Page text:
SALINAS, Calif. -

UPDATE 8/30/2016 10:24 PM

The Salinas City council voted 5 to 1 to accept $5.5 million in state funding to go towards cracking down on gang violence and implementing crime prevention tools in the city.

"I think this is a great benefit to our city at a time when our cities really hurting," said Salinas Councilwoman Jyl Lutes.

The money will be used for several things including ShotSpotter Flex, a gunfire location and detection system.

"I'm supporting this resolution with the hopes of not only are they able to detect gunfire, maybe they can detect fireworks,” said Salinas resident Al Espindola.

Funds will also be used for street outreach and to buy additional land in East Alisal to build a community space.

"I would like to be able to have community meetings there for kids to be able to come and play there,” said Chief Kelly McMillin with the Salinas Police Department. “Or maybe have music, nice community events in the shadow of the police department. I think that’s a great way to build relationships."

Residents said they're happy steps are being taken to reduce crime, but some say the money should be used for more preventative tactics, intervention and more staff.

"We have not been able to get to the criminal or people that's actually shooting them you know, that’s what we want,” said Maria Covarrubias, Salinas resident. “We want the police to hire more police even if they have to get more money for them.

"My only concern for the ShotSpotter is that we do not have enough police units to respond to the shooting quick enough," said Angela Dorado of Salinas.

Councilman Jose Castenada agreed. He was the only council member to vote against the funding.

He said the $5.5 million should be used for counseling and school programs.

"We're in a dire emergency here,” said Castaneda. “We're not asking for a new police headquarters, we actually need the crime to go down with more police officers actually being engaged with community.”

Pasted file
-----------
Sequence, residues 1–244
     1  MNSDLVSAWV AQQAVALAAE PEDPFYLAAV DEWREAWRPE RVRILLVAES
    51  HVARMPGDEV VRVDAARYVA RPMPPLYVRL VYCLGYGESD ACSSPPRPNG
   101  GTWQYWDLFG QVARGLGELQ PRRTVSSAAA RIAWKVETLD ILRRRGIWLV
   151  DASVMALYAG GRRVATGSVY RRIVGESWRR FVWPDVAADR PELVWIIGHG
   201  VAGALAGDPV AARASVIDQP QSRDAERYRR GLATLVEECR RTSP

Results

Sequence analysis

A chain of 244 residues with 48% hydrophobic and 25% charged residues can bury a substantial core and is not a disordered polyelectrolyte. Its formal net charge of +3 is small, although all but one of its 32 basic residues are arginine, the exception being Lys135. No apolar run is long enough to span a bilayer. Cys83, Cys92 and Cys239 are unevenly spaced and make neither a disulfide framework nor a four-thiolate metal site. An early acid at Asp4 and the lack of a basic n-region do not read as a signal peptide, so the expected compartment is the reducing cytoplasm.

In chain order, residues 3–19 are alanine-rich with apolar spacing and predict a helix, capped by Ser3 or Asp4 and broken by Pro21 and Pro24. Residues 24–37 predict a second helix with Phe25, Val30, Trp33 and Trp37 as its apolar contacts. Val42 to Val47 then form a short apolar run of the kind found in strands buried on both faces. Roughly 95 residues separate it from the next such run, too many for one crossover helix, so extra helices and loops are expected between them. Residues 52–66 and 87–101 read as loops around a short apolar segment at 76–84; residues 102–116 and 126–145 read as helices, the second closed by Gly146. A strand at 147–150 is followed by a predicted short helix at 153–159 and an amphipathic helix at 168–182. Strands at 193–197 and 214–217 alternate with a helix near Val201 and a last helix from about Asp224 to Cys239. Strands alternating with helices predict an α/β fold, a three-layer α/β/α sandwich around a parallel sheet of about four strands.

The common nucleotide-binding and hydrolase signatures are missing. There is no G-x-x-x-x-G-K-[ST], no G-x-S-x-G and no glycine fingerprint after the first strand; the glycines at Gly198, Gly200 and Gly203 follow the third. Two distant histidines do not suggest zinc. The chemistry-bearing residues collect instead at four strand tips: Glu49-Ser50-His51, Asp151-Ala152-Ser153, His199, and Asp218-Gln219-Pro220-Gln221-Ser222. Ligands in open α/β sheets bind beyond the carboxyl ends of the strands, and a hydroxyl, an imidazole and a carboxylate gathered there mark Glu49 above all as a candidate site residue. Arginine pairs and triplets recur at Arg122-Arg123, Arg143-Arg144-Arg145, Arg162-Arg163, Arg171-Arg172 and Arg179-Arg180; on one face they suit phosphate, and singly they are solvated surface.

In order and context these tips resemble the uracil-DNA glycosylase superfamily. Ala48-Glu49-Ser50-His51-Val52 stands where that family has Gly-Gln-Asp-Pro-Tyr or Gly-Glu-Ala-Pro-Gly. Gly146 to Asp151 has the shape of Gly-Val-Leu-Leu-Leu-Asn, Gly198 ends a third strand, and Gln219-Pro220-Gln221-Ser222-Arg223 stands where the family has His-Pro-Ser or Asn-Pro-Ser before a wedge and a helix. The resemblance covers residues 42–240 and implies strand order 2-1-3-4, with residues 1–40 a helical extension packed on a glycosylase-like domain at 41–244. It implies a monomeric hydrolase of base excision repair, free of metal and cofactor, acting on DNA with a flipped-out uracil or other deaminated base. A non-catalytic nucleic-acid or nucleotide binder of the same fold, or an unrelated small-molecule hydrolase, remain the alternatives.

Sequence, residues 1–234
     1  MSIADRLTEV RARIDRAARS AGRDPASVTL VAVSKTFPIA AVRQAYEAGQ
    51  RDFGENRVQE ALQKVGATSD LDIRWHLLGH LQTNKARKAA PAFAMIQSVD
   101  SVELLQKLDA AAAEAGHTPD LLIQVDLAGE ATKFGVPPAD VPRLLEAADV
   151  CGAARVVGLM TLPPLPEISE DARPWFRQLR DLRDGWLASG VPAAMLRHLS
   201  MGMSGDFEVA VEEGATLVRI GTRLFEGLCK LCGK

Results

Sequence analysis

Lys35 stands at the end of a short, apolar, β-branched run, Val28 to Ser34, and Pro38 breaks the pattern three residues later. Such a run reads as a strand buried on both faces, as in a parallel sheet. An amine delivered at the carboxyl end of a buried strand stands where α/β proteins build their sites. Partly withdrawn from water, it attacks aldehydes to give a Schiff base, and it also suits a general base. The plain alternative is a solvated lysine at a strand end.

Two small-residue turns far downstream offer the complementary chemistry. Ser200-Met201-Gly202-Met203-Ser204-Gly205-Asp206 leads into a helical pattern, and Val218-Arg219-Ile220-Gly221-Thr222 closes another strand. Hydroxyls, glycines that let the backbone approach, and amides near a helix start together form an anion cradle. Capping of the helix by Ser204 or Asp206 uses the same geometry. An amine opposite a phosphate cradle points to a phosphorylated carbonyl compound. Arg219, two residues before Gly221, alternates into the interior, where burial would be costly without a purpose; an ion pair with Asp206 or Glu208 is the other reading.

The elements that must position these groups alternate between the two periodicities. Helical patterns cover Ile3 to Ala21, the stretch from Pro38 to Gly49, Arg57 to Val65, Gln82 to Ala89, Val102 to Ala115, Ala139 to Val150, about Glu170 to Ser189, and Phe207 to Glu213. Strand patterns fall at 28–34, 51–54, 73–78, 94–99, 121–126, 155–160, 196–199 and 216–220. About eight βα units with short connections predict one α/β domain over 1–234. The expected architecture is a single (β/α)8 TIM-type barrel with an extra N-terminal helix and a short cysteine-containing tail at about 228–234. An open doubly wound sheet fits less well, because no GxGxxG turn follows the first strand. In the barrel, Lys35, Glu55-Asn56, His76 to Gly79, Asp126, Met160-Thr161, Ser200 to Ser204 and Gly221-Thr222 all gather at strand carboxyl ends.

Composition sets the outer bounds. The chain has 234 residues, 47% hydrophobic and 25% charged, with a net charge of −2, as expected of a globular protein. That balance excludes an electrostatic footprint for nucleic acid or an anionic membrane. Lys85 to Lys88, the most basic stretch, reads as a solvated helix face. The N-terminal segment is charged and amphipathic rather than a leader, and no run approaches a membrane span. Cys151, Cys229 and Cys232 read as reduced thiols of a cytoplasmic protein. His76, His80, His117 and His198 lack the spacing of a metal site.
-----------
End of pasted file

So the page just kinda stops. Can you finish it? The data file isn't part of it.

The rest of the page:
Salinas Police said they'll start to use ShotSpotter Flex in the next few months, while the new community space will take about three to four years to build. The city council also approved money for new police vehicles.

UPDATE 8/30/2016 7:01 PM: The Salinas City Council has approved a $5.5 million grant from the state to fight crime.

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Salinas Police Chief Kelly McMillin is asking the Salinas City Council to accept $5.5 million from the state to combat gangs and violence within the city.

According to the city council agenda, $3.5 million is allocated for the purchase of real property and/or facilities to improve police-community relations; $500,000 to pay the salaries of violence interrupter positions for three years, and $1.5 million for three years of equipment and subscription to ShotSpotter, a gunfire location/detection system.

Bay Area cities like San Francisco, Oakland and Richmond have used the software for several years and credit it with reducing shooting deaths in their cities. That’s why Salinas police want to bring it here. McMillin looked into it several years ago, but it is an expensive program.

Here’s how it works: Sensors would be placed throughout the city, in places where violence tends to be more prevalent. If shots were fired, the sensors would identify where and when it happened. That information would be vetted through a person at the ShotSpotter command center, where they could confirm if it was gunshots and not fireworks or a tire blowout. Once the information is confirmed, it would be dispatched to patrols on the ground.

“We know within a minute or less where to within just a couple meters the gun fire was shot,” McMillin said.

In life and death situations, minutes matter. During the city’s most recent homicide on Tuesday morning, authorities were not alerted right away. The shooting was reported on the 100 block of Soledad Street; however the victim was located on Bridge Street about 15 minutes later.

"Officers heard the gunshot, but because it ricocheted off of buildings, it's hard to pinpoint using the naked ear, and so the ShotSpotter takes all that away and tells (us) exactly where it's occurring so yeah that would make a huge difference," McMillin said.

It’s more accurate and faster than CSI Units, who could investigate the direction the rounds were fired. McMillin also said under-reporting is a big problem.

"I think a lot of it is, ‘It didn't sound very close to me, so I'll let somebody closer report it.’ They think it's being reported that way a lot of times. People just don't want to get involved, or they don't recognize it as gunfire. They think it might be something else," McMillin explained.